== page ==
“Why didn’t you simply learn how to kill them? Everyone speaks the language of murder”
Karen snorted, “I don’t walk around with a license to kill”
“Neither did I”, Mike stated, “I had to start with a learner’s permit then work my way up”
“You really have a license to kill?”, Karen asked. Mike stopped crawling. He fished around in his back pocket until he retrieved a laminated card. He gave this card to Karen.
“The written test is a bitch”
Karen examined the card: It had Mike’s photograph and ID number. “Hey!”, she exclaimed, “This is expired”
“Give me that!”, Mike grabbed the card from her. “Jesus!”, he interjected, “I could get into real trouble”
“Have you killed anyone since April third?”
“Does beheading count?”
Karen nodded. “Then, yes”, Mike answered, “I have”. He looked over the card again as if flipping it over a few times would change the expiration date. Then, he put it into his pocket and crawled. “I’ll have to take that goddamned eye exam again”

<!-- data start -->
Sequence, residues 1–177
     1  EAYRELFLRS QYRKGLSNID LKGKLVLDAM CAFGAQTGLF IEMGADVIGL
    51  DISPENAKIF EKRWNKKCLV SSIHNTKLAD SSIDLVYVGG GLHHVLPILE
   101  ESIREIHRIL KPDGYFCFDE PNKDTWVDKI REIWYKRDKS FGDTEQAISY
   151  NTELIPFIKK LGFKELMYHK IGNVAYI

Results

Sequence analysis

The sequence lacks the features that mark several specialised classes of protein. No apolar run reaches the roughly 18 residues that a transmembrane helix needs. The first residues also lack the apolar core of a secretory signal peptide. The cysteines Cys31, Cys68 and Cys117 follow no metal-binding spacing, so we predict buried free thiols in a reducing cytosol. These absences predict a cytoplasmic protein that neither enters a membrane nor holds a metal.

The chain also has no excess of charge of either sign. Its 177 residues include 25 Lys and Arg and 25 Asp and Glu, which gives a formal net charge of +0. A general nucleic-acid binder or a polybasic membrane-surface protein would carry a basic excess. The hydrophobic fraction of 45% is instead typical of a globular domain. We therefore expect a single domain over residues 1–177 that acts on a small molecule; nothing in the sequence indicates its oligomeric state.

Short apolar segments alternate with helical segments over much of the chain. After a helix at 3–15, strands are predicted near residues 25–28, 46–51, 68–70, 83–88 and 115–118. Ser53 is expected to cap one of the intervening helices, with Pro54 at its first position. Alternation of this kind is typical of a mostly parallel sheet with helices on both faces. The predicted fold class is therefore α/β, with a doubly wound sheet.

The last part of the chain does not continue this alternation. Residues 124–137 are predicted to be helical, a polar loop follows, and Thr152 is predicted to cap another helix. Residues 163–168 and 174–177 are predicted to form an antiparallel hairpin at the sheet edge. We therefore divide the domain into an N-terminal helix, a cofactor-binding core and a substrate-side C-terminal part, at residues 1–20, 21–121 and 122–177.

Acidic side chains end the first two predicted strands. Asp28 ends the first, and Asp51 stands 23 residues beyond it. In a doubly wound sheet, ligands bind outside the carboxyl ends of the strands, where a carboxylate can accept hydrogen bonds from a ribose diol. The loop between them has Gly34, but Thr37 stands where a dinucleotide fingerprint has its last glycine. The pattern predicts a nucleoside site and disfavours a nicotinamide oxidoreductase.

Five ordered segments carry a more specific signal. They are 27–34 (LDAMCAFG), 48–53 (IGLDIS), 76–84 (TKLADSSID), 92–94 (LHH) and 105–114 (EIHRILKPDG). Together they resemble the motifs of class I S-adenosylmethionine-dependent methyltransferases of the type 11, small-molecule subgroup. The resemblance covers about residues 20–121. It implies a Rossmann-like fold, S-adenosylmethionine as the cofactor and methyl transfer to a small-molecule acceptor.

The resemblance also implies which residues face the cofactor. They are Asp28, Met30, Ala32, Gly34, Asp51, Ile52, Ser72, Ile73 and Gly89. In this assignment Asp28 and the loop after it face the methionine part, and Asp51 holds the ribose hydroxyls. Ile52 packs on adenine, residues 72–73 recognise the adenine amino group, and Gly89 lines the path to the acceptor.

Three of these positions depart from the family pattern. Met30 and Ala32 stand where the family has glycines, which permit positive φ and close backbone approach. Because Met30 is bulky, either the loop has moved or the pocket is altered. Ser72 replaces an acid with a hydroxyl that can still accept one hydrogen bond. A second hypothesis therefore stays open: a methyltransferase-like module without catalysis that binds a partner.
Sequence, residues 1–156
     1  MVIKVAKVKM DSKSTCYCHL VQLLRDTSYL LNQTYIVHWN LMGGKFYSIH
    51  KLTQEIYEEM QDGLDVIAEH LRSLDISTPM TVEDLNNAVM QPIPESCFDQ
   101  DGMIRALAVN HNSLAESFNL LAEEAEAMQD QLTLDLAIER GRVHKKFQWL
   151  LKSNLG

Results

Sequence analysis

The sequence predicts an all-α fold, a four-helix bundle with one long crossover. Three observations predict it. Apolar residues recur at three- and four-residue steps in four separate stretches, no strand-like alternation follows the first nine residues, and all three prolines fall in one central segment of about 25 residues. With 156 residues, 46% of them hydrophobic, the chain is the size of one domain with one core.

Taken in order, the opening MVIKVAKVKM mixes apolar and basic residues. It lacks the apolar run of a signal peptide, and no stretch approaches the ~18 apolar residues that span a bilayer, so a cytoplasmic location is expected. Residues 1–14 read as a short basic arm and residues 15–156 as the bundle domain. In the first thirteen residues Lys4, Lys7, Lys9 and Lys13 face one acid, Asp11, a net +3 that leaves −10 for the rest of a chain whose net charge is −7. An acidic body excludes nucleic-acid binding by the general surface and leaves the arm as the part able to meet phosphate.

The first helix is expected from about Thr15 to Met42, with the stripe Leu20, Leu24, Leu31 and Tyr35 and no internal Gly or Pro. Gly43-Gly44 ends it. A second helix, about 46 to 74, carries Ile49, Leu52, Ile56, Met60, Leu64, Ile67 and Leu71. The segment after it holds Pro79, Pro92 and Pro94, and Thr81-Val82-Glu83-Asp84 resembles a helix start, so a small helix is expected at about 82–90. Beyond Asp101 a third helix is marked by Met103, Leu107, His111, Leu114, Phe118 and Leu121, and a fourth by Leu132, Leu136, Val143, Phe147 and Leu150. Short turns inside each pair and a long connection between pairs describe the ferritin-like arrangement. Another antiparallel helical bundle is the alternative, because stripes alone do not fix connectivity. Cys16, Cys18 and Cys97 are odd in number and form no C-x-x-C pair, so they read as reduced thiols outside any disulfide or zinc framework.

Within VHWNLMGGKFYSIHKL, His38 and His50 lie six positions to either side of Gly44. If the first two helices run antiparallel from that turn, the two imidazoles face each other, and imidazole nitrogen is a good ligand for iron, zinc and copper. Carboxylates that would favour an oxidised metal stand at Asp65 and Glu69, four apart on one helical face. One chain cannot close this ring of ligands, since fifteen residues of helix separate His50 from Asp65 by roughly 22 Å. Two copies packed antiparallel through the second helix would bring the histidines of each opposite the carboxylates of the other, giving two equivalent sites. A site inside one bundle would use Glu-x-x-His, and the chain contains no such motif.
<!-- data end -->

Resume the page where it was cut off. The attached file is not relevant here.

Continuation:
“I think I see light up ahead”, Karen announced. A dim glow came from around the corner. “Do you think we’re at the first floor?”
Mike shrugged. He was still thinking about taking his kill exam. He’d nearly flunked his first one. His road test consisted of walking out to the road and killing someone.
“It’s the parking garage”, Karen called out, “We can get to my car from here”
Mike moved swiftly to the grate and knocked a hole in the duct with a deft kick. Karen jumped out. Mike stayed still.
“What’s the matter?”, Karen demanded.
“I can’t”, Mike stated quietly.
“You can’t what?”
“I can’t get out here”
Karen yelled so loudly that her voice echoed off of the walls of the floor beneath her, “Why the hell not?”